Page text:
Multiplex using Cas9 direct repeat

I saw this comment on Pubpeer and found it very interesting:

https://pubpeer.com/publications/1C98A3008E68E2C8661C21268E373F#1

"SpRNase III was not necessary for cleavage of the protospacer (Fig. 1D), and the 89-nt tracrRNA is processed in its absence (fig. S2C). Similarly, maturation of pre-crRNA does not require RNase III (Fig. 1D and fig. S4), suggesting that there may be endogenous mammalian RNases that assist in pre-crRNA maturation (24–26)"

Screen Shot 2019-01-03 at 4.38.32 PM.png

This paper was the very first paper demonstrating the effectiveness of Cas9 in mammalian cells. If this is true, wouldn't it be easier to clone the 2 guides in the direct repeat rather than to clone the 2 U6 system when multiplex is needed?


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Pink Pixiealmost 4 years ago

That's a really interesting idea, and it's further supported by the fact that in that paper (Cong and Ran et al 2013), crRNAs also look like they're more efficient than sgRNAs in some cases. However, in a paper later that year (Hsu and Scott et al 2013-- https://www.ncbi.nlm.nih.gov/pubmed/23873081), they showed that if you extend the tracrRNA element to nearly full-length in the sgRNA (+85 rather than +48), then sgRNAs are more efficient than crRNAs/tracrRNAs expressed separately.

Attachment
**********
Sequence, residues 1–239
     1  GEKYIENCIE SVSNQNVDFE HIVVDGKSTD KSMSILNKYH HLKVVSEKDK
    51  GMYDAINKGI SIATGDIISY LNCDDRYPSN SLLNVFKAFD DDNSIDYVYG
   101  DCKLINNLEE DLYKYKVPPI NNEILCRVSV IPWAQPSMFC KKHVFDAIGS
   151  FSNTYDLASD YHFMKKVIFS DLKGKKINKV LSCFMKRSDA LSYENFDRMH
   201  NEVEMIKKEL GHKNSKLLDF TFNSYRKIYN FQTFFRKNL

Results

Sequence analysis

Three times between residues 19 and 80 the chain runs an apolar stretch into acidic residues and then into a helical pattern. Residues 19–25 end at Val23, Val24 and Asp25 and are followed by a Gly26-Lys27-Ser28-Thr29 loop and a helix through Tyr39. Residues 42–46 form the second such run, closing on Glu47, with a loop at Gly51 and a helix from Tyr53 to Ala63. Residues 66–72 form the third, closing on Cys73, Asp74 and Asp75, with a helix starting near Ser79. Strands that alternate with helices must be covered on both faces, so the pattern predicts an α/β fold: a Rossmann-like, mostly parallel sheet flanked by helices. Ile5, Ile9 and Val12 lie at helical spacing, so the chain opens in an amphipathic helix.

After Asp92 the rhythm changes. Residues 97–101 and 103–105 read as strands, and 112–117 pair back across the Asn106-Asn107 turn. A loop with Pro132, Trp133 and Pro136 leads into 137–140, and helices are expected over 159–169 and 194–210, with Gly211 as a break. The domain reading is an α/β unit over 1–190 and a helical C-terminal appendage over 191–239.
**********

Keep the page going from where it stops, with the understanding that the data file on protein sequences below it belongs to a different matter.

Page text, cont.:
Screenshot 2019-01-05 23.38.46.png

So you could definitely multiplex the crRNAs and have the tracrRNA expressed separately, but it might be less efficient than just using two sgRNAs driven by separate promoters.

Mint Lichalmost 4 years ago

This is a great point. Explained my confusion. In this paper (Hsu and Scott et al 2013), they also showed that longer sgRNA lead to greater transcription efficiency. Wonder why crRNA doesn't have similar KO efficiency ( crRNA~102nt, so transcription should not be a problem). Probably mammalian cells have less efficiency in processing the guide array.

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